DALLAS (CBSDFW.COM/AP) – Former Dallas Cowboy Josh Brent has been sentenced to 180 days in jail and 10 years of probation for the deadly crash that killed his teammate and passenger Jerry Brown Jr.
The jury reached its decision shortly after 11 a.m. Friday, after listening to testimony from prosecution and defense witnesses including Brown’s mother, Stacey Jackson. Jackson had said publicly and during testimony that she has forgiven Brent for the crash.
“He’s still responsible, but you can’t go on in life holding a grudge. We all make mistakes,” she told the jury.
Brent faced a punishment of up to 20 years in jail for his intoxication manslaughter conviction. The jury decided on the 10 years probation part of the sentence. The judge added the six months of jail time.
“Sadly Mr. Brent, you’re not the first Dallas Cowboy to kill someone with a motor vehicle, but I sure hope you are the last. Sadly, you’re not the first Dallas Cowboy to be convicted of a felony in this past year’s time, but I hope you’re the last for a long time,” said Judge Robert D. Burns, III.
Brent’s probation will likely include mandatory treatment for substance and alcohol abuse, lawyers said. He will also be monitored by the court for drug or alcohol use for the next ten years, and may be sent to prison if found in violation. Brent’s license is also suspended; he’s not allowed to drive a car.
Judge Burns must agree to the jury’s sentence, but had strong words for the former football player before court dismissed.
“I’m all for a young man with a high pressure job to blow off some steam, but you have to do it responsibly. Your actions, I think, bring shame to the City of Dallas. I think you do a grievous wrong to humanity by killing your friend. You certainly had a big warning sign that you were on the wrong path with that prior DWI. And you chose the path of irresponsibility,” said Judge Burns.
Defense attorneys are happy with the sentencing, but told reporters, there are no winners in this case. Co-defense counsel Kevin Brooks, was asked about Brent’s reaction.
“There was no jumping for joy. He was kind of teary eyed, and somber. His words to me were, ‘I’m not sure how to take it from this point,” Brooks said.
“He knows he played some role in Jerry’s death and will forever hold responsibility,” said Brent’s attorney, George Milner, after the sentencing. “You can’t understand the guilt he lives with.”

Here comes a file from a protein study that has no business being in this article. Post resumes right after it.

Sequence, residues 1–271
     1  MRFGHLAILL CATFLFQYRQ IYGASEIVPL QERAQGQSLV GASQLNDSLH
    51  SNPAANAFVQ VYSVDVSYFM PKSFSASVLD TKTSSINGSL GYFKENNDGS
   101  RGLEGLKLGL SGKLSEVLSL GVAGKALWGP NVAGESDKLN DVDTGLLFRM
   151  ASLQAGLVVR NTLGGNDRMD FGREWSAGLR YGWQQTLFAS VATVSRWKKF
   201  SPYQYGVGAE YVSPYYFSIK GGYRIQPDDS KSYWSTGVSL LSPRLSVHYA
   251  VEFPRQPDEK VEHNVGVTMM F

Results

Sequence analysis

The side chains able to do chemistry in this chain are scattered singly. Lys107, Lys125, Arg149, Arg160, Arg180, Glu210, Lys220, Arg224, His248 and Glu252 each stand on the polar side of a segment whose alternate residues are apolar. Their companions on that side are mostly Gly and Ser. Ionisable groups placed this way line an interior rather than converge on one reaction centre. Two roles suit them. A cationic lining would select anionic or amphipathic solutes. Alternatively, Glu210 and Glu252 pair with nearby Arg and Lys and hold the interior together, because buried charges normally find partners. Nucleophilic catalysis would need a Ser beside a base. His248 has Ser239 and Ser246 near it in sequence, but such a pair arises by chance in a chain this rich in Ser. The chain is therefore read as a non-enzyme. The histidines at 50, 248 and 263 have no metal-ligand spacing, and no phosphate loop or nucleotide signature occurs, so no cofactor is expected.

Brent’s mother and uncle were present for the reading of the sentencing.
“Anyone who has supported my child, I appreciate it, to the fullest,” Ms. Brent said.
Brent, a Cowboys defensive tackle, and Brown, a linebacker on the practice squad, were close friends, who also played together at the University of Illinois. They were headed home from a night of partying when Brent lost control of his Mercedes and crashed. Officers who arrived on scene saw Brent trying to pull Brown’s body from the wreckage.
Blood tests pegged Brent’s blood alcohol content at 0.18 percent, which is more than twice the state’s legal limit to drive of 0.08 percent. Prosecutors told jurors that the burly, 320-pound lineman had as many as 17 drinks on the night of the crash.
One of Brent’s attorneys, George Milner, argued that Brent wasn’t drunk and was only “guilty of being stupid behind the wheel of a car.” He contended that Brent couldn’t have had nearly as much to drink as prosecutors said he had, and that the police blood tests were flawed.
Brent’s attorneys pushed their case for probation Thursday, calling a Dallas County official who testified that the county currently has 34 intoxication manslaughter cases that resulted in probation.
Brooks said the one-time defensive tackle would be easy to monitor because of “who he is and who he was.” Brent retired from football last year.
Prosecutors were pushing for prison time for Brent, who went to trial only weeks after another Texas intoxication manslaughter case sparked widespread public outrage. In that case, a defense expert argued that the defendant, a 17-year-old boy who caused a drunken crash that killed four people, deserved leniency because his parents coddled him into a sense of irresponsibility – a condition the expert termed “affluenza.” The teen wasn’t given prison time.
On Thursday, prosecutor Rebecca Dodds emphasized Brent’s 2009 drunken driving arrest in Illinois to press the state’s argument that he deserves prison time. In that case, he served 30 days in jail after pleading guilty to a misdemeanor charge.
“Probation doesn’t work for Josh Brent,” prosecutor Rebecca Dodds told the jury during closing statements in the punishment phase.
Brent played in all 12 games for the Cowboys in 2012 before the crash. Brown made the practice squad that season.
As for a future playing NFL football, Milner said it’s not a closed door, but that only Brent knows if that is something he will pursue.
(©2014 CBS Local Media, a division of CBS Radio Inc. All Rights Reserved. This material may not be published, broadcast, rewritten, or redistributed. The Associated Press contributed to this report.)
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